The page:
Revelations from individuals such as whistleblower Edward
Snowden are always a welcome insight into the inner workings of our government
agencies. For those familiar with
intelligence methods, most of those revelations are probably not much of a
surprise. About 24 years ago, I had a
series of telephone interviews with the infamous retired General Edwin Walker
(1909-1993). He was quite an animated
individual even in his advancing years; after several attempts to interrupt one
of his tirades, he finally admitted that in truth, intelligence agencies and
personnel could do anything they wanted to, provided that it could be dreamed
up by the mind of man and was technically possible. Walker was genuinely and gravely serious when he made the admission.
A past whistleblower that deserves at least a short study is the late Air Force Colonel L. Fletcher Prouty (1917-2001). There are reasons why the super power elite (the puppet-masters of the infamous 1%) always come out of life's political and economic situations on top, and Col. Prouty helps us with some insights into their resources and methods as well as many of their past deeds. Some understanding of their modus operandi involves knowledge of intelligence methods; they use governments and their agencies as resources to force their corporate-controlled interests on the increasingly suspicious public.
Prouty has had his detractors, as does his information. Keep in mind, however, that the American Intelligence Community has the resources necessary to destroy an individual and/or confuse an issue by sowing questions in the minds of those examining a source. This is a long-used tactic that the debate community would call the ad hominem technique.
Prouty had an impressive past of service in the military and was actively involved in the Kennedy Administration. Of the sources available to review Prouty's contributions, I particularly want to point out his revelations of the covert operations and techniques used to bring about 'favorable' conditions for the war in Vietnam to come to fruition. This was a totally calculated plan executed on multiple covert fronts, which began as early as WWII. Prouty's signature work, JFK: The CIA, Vietnam and the Plot to Assassinate John F. Kennedy, recounts a considerable amount of inside information of those covert operations and of the Vietnam War. (He had told me in one of our interviews that his publisher insisted on the reference to the assassination of President Kennedy in the title even though its main focus was not on the assassination.) Prouty related to me that, while working for the Kennedy Administration, he had been charged with tracking the source of military orders at the end of WWII that called for shipping approximately half of the massive war materials gathered on Okinawa to Korea and the other half to Indochina. However, the orders were never traceable back to their original source (untraceability being a necessary method of the super power elite themselves).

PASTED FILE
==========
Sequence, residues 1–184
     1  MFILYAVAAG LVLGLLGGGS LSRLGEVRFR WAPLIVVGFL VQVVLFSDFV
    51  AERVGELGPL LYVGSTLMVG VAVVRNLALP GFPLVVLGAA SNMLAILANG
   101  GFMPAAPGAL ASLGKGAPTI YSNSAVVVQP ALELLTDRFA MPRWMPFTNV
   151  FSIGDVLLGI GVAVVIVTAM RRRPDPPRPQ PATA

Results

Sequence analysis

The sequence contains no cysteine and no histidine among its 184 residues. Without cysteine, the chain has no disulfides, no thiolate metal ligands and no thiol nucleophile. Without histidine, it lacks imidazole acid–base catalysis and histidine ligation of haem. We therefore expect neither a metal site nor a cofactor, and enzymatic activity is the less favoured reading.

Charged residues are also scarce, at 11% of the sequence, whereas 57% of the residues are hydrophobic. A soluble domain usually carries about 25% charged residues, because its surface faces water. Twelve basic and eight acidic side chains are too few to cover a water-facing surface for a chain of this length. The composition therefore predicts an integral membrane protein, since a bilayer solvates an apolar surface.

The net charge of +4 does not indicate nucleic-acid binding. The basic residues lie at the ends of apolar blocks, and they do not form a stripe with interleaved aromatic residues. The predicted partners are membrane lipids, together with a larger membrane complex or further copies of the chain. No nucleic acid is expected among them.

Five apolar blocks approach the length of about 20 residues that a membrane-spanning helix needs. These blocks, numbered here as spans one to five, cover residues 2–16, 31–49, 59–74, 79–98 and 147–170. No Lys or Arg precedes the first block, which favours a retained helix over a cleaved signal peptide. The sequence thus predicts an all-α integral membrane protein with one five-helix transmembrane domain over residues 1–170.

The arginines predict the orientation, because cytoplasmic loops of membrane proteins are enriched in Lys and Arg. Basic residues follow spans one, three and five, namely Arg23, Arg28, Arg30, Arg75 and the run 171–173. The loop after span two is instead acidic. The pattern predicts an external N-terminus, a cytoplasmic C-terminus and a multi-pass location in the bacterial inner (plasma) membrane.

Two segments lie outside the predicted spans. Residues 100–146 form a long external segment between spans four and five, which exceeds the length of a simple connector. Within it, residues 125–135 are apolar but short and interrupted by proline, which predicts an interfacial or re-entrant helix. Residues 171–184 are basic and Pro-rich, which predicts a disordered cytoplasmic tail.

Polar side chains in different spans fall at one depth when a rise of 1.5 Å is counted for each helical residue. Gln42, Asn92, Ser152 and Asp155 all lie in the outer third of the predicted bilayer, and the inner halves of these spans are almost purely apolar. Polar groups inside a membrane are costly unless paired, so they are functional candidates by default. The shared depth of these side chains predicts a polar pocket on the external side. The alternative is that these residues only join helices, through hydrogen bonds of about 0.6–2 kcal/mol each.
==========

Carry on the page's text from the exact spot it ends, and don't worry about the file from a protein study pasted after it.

The Saigon Military Mission (SMM) was created in 1954 with both ostensible and covert goals, but the part that is most pertinent to us today is the assistance given by the U.S. to "refugees" of the north, about 1,100,000 of them, and relocating them to areas in the south of Vietnam. Some excerpts from Prouty's writings are presented here for your perusal. The book from which they are taken is what has been referenced above, JFK: The CIA, Vietnam and the Plot to Assassinate John F. Kennedy, and is a necessary read for anyone wanting to know more about the covert history of our involvement in Vietnam.
To quote Prouty:
"[W]e had been arming all sides in Indochina since 1945."
"Diem had been born in 1901 in the village of Phu Cam. He was not a native of Cochin China, but was from the vicinity of Hue. He was a Catholic, a staunch nationalist, and an anti-Communist."
"[T]he CIA created the Saigon Military Mission and sent it from Manila to Indochina. . . . It was a CIA organization with a clandestine mission designed to 'raise hell' with 'guerrilla operations' everywhere in Indochina, a skilled terrorist organization capable of carrying out its sinister role in accordance with the Grand Strategy of those Cold War years."
"[The SMM personnel] were a band of superterrorists.
"It must be kept in mind that the SMM was a CIA activity and that when its members said they were going to promote PsyWar and propaganda they had a different concept of these things than did the military. They saw their role as promoting sabotage, subversion, labor strikes, armed uprisings, and guerrilla warfare."
"By midsummer  more men had joined the SMM, and its mission was broadened. Its members were now teaching 'paramilitary' tactics--today called 'terrorism'--and doing all they could to promote the movement of hundreds of thousands of 'Catholic' Vietnamese from the north with promises of safety, food, land, and freedom in the south and with threats that they would be massacred by the Communists of North Vietnam and China if they stayed in the north.
USS Montague taking on Vietnamese 'refugees' from French ship, circa 1954
(Image by US National Archives) Details DMCA
"This movement of Catholics--or natives whom the SMM called 'Catholics'--from the northern provinces of Vietnam to the south, under the provisions of the Geneva Agreement, became the most important activity of the Saigon Military Mission and one of the root causes of the Vietnam War. The terrible burden these 1,100,000 destitute strangers imposed upon the equally poor native residents of the south created a pressure on the country and the Diem administration that proved to be overwhelming.
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